by Preston Brady III, Herbscapes.com
This time of year, almost everything is pumpkin-spiced so why not fry some good old southern hominy grits into the mix. They are quick and easy to make, and they don’t only have to be served for breakfast. We have been converting our Yankee friends to grits since 1950 when a recipe for shrimp and grits was published in a cookbook in Charleston, South Carolina. The dish is so beloved it’s the official state food there. The rest is history. People who love shrimp have found a way to appreciate grits, which as most know is just ground up corn. Making real grits is a time-consuming (but worthy) affair so most of us buy them ready to boil. While instant grits will do in a pinch, at least buy the 5-minute stove-top version. You can even cook those in a microwave by pouring about a cup into a bowl and add a cup of water and nuke it for 3 minutes. If they dry-up the easy fix is of course to add a little more water and stir.
Don’t get me wrong: I love some hash browns, especially crispy and maybe with some cheese and onion tossed in, but like San Francisco has my heart, grits have my pallet. So how complicated is it to make pumpkin-spiced grits? How about as complicated as boiling water or frying an egg. So, the spices you need are also worth the investment because you can use them for other dishes later, especially desserts. In this recipe I boiled the grits to a non-soupy consistency and then fried them with an egg and toast all in the same pan. You’ll need a can of pumpkin puree, easily found any time of year in the baking section of most stores. I buy it once in a while as a treat for my sulcata tortoises. They are grass-eaters and should not consume too much protein, but a treat once every few weeks allows them to be a little naughty, sort of like if I have two martinis before dinner instead of one.
In case you just want to buy pumpkin spice already mixed, Amazon has it here:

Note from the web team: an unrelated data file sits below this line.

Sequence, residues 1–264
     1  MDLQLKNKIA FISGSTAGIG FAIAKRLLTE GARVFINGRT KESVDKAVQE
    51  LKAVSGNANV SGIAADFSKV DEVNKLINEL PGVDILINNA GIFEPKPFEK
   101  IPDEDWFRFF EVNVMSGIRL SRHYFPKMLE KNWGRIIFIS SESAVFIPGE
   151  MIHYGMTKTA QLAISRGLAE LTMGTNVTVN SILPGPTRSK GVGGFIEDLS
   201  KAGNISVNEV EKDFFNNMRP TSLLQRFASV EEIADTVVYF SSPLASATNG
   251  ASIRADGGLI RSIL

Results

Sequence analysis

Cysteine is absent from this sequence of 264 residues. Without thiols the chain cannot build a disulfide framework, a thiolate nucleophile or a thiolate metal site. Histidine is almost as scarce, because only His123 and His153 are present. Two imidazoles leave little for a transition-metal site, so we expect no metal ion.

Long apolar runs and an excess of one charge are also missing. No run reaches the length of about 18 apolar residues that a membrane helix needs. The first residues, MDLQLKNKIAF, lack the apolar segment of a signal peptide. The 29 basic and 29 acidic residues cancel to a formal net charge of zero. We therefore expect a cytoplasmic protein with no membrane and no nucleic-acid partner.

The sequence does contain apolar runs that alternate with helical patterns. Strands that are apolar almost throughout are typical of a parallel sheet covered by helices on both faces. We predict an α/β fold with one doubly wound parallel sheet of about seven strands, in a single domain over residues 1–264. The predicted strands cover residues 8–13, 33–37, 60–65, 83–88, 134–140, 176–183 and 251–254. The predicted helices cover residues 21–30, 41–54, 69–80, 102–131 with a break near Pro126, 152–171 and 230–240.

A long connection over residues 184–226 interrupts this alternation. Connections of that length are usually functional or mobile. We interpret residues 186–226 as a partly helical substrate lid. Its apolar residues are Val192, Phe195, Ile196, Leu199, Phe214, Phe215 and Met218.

If you want to use your own spices you’ll need Allspice, cloves, cinnamon and nutmeg. If you are making grits for two: after the grits are cooked mix in 3 tablespoons of pumpkin puree and a half teaspoon of the above spices combined – so half teaspoon of the four spices mixed together. Add a half teaspoon of salt and a teaspoon of brown sugar. Stir into the grits well and then add a few tablespoons of milk and put some butter to the frying pan and fry the grits on each side for about 2 minutes each side. You can also cook your eggs at the same time in the pan, and I like to add the buttered toast into the pan as well. Everything cooked at the same time in one pan (once you have the grits boiled first.) You can throw in some bacon or sausage or your favorite faux meat or even pancake or waffle. Be sure to put some butter on the grits once they are ready to serve.
It’s not really Halloween in the Deep South if at some point you don’t serve pumpkin grits. Do you dare try them with shrimp – yes, you do dare. Could you serve them as a non-vegetable side along with your flounder, salmon, steak or other entree? Yes, if you have Yankee friends visiting and you want to turn them away from the stereotyped image they have of Southern cooking of fried chicken, collard greens, fried green tomatoes, lima beans (wait, those sound great to) then put your culinary skills on display and wow them with a breakfast that includes pumpkin-spiced grits. If for some inexplicable reason you mess up the grits, you can just tell your guests trick or treat. They will be able to figure out which one they got.